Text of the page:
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Kali Duffy / For Spectator

Sophomore defensive back Justin Hill was among four Columbia players who protested while the national anthem was played.

Updated Oct. 8, 1:15 p.m.

Two Columbia players kneeled and two sat on the bench during the national anthem before football's 41-17 win at Marist on Saturday afternoon.

A spokesperson for Columbia athletics confirmed that the two players who kneeled were sophomore defensive back Justin Hill and senior defensive back Tyler Holmes. Two other unidentified Columbia players were also seen sitting down on the Lions’ bench during the national anthem.

The players’ protest came three days after Spectator reported that head coach Al Bagnoli said he disagreed with this form of protest after several members of the Columbia University Marching Band kneeled while the national anthem played at a game against Princeton.

This is the first time this year that any Columbia athlete has demonstrated during the national anthem, and breaks from the college football tradition of teams staying in the locker room while the anthem plays.

After the game, Bagnoli told Spectator that Marist had insisted the team be out on the field for the anthem and that players did not approach him prior to the game about protesting.

“We normally are never out there so I didn’t even address it,” Bagnoli said. “We’ll talk about it [on Sunday] so we don’t get in that situation again.”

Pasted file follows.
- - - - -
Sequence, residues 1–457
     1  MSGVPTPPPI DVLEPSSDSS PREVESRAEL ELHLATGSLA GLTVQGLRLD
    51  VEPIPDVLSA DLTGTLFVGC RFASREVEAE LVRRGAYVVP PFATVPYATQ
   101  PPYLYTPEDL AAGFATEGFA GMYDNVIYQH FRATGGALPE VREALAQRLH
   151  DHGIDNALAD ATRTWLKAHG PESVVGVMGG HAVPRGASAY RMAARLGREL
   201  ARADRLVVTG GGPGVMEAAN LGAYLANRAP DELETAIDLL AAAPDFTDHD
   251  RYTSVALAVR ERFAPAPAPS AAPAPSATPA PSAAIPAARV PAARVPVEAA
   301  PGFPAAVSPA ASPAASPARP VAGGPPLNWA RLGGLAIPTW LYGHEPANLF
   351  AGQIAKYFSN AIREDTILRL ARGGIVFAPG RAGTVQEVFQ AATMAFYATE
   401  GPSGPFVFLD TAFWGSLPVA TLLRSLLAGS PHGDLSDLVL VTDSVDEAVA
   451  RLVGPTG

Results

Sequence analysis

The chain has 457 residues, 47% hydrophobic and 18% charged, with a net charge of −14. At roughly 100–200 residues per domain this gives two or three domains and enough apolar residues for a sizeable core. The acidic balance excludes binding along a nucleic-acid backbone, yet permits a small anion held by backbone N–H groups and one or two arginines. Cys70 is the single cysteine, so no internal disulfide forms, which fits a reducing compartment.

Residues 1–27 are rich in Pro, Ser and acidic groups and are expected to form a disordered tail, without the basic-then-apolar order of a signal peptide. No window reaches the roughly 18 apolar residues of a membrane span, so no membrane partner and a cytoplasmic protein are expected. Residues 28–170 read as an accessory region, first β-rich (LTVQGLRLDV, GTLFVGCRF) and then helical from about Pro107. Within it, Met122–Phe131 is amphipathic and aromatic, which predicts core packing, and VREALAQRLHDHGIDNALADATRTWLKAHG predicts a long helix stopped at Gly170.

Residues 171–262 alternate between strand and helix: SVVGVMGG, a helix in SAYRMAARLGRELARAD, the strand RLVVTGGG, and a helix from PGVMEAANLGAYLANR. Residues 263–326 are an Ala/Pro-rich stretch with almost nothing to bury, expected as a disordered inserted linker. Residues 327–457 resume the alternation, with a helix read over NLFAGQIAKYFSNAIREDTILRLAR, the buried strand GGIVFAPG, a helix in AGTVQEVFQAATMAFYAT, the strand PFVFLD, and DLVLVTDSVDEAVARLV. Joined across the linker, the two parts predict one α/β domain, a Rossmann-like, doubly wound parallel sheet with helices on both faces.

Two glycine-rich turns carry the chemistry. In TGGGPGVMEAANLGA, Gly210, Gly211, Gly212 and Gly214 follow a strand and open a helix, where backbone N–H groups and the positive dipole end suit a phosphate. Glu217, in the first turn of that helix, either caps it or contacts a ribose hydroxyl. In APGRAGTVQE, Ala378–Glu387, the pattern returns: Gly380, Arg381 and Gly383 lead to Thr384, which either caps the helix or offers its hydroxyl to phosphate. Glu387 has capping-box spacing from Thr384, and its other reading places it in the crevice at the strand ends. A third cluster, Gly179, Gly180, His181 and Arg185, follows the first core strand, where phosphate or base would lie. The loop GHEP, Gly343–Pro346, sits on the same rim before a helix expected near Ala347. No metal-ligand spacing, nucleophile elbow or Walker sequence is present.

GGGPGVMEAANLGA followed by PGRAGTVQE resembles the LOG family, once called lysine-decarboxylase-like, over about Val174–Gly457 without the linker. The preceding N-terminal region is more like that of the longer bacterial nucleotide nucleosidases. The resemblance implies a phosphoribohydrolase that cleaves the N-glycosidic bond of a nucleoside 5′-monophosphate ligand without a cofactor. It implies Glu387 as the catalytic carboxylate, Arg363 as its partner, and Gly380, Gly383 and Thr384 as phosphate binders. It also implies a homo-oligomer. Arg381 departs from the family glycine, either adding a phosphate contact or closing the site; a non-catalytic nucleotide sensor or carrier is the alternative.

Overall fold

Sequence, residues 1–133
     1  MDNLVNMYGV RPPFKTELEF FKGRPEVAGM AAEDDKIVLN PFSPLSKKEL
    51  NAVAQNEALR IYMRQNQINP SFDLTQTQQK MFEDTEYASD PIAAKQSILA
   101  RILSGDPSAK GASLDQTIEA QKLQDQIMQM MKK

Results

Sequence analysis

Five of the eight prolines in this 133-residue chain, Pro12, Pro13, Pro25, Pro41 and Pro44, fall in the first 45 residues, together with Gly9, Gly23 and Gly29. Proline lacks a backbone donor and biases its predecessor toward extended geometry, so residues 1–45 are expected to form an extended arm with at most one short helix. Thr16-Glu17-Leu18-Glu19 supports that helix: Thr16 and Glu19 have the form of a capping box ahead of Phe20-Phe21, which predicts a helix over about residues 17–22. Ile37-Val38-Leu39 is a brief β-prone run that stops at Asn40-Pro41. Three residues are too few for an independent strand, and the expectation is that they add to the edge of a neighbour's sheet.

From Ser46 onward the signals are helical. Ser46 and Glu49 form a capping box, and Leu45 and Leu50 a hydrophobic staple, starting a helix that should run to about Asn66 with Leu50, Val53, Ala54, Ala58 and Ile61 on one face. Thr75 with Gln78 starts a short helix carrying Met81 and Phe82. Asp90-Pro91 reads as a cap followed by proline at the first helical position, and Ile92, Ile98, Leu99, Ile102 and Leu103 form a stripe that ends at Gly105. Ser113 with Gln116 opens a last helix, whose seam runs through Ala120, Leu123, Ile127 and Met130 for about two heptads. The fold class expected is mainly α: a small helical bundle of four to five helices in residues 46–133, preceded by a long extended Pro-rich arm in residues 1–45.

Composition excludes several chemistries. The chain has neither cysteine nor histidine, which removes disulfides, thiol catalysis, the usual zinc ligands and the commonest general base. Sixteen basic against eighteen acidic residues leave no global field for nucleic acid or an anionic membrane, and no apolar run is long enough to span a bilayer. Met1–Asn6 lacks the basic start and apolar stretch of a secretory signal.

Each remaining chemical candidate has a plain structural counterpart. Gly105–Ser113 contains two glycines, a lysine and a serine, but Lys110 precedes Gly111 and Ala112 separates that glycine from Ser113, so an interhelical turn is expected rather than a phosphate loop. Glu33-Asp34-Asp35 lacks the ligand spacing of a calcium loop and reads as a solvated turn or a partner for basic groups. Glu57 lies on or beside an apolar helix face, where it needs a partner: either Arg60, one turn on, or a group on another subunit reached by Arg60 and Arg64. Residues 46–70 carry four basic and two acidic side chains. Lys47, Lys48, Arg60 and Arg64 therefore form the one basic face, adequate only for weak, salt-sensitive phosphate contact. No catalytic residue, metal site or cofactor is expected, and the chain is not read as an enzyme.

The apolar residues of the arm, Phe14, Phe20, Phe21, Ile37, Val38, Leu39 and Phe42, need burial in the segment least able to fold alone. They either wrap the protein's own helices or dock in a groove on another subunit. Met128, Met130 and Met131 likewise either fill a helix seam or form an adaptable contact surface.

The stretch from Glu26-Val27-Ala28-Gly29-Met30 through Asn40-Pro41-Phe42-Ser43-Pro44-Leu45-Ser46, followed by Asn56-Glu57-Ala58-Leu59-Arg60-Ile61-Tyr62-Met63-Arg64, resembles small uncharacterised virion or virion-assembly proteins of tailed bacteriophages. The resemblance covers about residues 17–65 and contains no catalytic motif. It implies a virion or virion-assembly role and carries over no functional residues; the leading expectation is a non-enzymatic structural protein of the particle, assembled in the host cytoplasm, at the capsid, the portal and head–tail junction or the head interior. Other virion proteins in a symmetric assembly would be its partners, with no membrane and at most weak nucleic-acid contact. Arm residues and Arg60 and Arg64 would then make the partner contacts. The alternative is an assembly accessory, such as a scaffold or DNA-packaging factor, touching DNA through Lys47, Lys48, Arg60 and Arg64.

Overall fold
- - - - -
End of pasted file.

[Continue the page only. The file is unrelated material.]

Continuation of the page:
According to a spokesperson for Marist Athletics, it is a longtime Marist tradition that both teams come out of the tunnels prior to the national anthem.

Last Wednesday, Bagnoli also told Spectator that he hoped the team would have a conversation about the weight of these protests.

“Everybody has the right to protest and everybody has the right to do things,” he said. “You also have to do it in a tasteful manner that’s not offensive to a lot of people.”

Hill and Holmes declined to comment through a Columbia Athletics spokesperson.

Shortly after the protest occurred, Columbia Athletics released a statement that affirmed free speech as a core value of the University and said that “each individual has a right to reflect during the National Anthem in a different way.”

christopher.lopez@columbiaspectator.com | @CUSpecSports

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